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Kerry Council Slammed For Drink-Driving Vote

An Irish council that voted to allow drink-driving has been slammed for dragging the country back to "a darker day".

Road safety chiefs attacked Kerry councillors' "unthinkable" backing for special permits to excuse rural dwellers from nationwide drink-driving limits.

Noel Brett, chief executive of the Road Safety Authority , said the scientific and medical evidence proving that alcohol impairs driving is irrefutable.

"On that basis it is unthinkable that we would go back to a system that sought to increase our drink-drive limit," he said.

Describing the motion as "off-the-wall", Mr Brett said a change in attitudes and behaviour towards drink-driving had made a significant dent in road deaths over recent years.

"That is what is saving lives and proposals such as this bring us back to a much darker day," he said.

The drink-drive motion was passed, with 12 councillors absent from the chamber and another seven abstaining from the vote.

The five who voted in favour - Danny Healy-Rae, his son Johnny Healy-Rae, Michael Cahill, Bobby O'Connell and Michael O'Shea - are all publicans, former publicans or connected to the pub trade.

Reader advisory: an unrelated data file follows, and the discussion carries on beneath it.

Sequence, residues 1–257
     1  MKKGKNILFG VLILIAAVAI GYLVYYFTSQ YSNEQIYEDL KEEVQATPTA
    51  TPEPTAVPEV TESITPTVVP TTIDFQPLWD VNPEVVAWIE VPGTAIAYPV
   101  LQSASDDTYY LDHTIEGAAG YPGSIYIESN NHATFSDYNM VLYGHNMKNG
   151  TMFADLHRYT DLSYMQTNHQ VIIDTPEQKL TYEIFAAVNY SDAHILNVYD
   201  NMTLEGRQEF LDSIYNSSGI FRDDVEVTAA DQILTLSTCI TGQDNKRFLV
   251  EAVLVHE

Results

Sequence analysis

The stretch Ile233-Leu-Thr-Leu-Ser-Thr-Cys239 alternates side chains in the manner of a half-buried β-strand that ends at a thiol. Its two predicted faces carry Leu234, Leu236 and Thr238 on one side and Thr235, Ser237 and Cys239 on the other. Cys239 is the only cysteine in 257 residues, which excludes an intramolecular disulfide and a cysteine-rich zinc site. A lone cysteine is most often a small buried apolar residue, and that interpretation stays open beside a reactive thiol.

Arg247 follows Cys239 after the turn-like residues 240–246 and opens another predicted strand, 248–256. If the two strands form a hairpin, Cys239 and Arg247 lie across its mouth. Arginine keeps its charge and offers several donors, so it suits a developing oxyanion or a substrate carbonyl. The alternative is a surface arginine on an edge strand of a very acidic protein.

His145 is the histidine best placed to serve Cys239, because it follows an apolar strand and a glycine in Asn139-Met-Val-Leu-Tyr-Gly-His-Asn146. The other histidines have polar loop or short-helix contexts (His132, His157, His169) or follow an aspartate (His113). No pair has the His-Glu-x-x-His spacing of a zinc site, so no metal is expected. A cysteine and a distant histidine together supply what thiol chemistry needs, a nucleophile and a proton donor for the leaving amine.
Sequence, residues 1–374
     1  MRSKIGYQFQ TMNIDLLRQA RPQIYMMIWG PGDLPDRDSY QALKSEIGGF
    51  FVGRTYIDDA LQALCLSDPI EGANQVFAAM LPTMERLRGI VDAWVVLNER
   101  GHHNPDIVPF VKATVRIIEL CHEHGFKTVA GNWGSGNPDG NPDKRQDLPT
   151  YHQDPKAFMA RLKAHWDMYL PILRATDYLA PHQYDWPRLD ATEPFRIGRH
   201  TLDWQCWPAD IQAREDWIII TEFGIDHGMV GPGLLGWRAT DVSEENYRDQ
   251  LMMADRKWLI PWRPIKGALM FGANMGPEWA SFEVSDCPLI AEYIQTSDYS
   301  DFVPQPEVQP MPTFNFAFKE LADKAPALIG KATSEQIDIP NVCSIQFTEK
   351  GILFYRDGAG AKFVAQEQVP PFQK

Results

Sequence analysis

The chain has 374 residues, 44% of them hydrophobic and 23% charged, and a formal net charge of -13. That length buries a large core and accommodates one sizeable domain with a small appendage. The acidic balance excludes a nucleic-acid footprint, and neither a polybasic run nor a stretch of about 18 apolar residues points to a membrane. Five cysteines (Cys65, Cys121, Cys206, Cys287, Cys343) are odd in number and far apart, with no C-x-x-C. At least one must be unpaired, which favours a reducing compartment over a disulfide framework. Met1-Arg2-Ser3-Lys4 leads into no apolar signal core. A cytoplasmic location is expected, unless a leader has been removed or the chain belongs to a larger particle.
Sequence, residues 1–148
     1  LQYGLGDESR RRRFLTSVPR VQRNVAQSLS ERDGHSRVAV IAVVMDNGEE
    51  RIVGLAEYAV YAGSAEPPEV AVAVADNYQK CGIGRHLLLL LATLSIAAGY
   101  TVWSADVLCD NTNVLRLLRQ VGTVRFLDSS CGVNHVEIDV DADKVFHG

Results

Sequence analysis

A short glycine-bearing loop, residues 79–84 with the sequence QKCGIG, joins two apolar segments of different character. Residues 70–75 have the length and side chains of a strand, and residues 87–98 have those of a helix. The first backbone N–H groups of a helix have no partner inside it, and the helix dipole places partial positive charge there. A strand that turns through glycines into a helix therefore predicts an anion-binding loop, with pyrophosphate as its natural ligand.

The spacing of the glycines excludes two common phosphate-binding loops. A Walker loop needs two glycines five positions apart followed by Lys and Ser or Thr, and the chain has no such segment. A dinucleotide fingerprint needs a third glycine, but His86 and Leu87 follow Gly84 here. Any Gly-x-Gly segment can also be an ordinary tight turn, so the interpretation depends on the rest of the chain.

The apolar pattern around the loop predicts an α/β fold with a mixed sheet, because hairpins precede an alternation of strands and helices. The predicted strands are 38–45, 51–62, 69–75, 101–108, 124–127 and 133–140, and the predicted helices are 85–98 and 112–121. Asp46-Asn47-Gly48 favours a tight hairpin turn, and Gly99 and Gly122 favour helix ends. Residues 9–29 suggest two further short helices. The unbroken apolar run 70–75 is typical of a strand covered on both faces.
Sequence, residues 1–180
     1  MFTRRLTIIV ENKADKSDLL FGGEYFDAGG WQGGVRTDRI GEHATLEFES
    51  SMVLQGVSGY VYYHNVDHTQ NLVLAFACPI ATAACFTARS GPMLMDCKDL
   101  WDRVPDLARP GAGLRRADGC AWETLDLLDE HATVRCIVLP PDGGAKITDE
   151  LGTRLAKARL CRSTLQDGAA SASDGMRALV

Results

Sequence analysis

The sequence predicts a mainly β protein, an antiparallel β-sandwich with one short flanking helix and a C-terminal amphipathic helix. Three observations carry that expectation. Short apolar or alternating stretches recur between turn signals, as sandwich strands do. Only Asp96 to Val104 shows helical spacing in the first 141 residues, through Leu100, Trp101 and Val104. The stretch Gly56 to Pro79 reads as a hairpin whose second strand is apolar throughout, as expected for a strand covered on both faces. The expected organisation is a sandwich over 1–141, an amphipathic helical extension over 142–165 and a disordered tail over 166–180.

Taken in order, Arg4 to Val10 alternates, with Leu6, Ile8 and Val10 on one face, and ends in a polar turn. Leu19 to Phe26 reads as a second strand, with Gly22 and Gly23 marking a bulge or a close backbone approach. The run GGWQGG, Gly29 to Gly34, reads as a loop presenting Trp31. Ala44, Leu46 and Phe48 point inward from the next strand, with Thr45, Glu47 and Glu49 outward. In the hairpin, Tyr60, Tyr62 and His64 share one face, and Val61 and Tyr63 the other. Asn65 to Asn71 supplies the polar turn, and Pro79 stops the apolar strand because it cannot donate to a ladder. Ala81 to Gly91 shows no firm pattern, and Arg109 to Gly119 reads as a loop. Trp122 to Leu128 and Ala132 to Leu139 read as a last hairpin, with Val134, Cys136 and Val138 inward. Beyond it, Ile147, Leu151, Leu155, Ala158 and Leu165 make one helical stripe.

Kerry County Council will now ask Justice Minister Alan Shatter to issue licences that would allow people living in remote countryside to drive home from their nearest pub "after having two or three drinks on little-used roads, driving at very low speeds".

Councillor Danny Healy-Rae, the publican who proposed the motion, claimed the move would "greatly benefit" and even prevent suicide and depression among those who felt isolated because of more stringent drink-driving legislation.

But Conor Cullen, spokesman for Alcohol Action Ireland , said: "Those in rural areas who may be suffering from isolation will not benefit from putting their lives and the lives of the other members of their community at risk by drinking and driving.

The Irish Department of Transport has signalled its opposition to the Kerry proposals.

A spokesman said: "Unfortunately, rural areas are among the most dangerous roads in Ireland.

"We need to be looking at how to make our roads safer, particularly in rural areas, instead of trying to reverse existing measures which are clearly working."

Ireland introduced random breathtesting at police checkpoints in 2006 and lower drink-drive limits in 2011.

Latest figures show 161 people lost their lives on Irish roads last year, a record low at 25 fewer than 2011 and 51 less than 2010.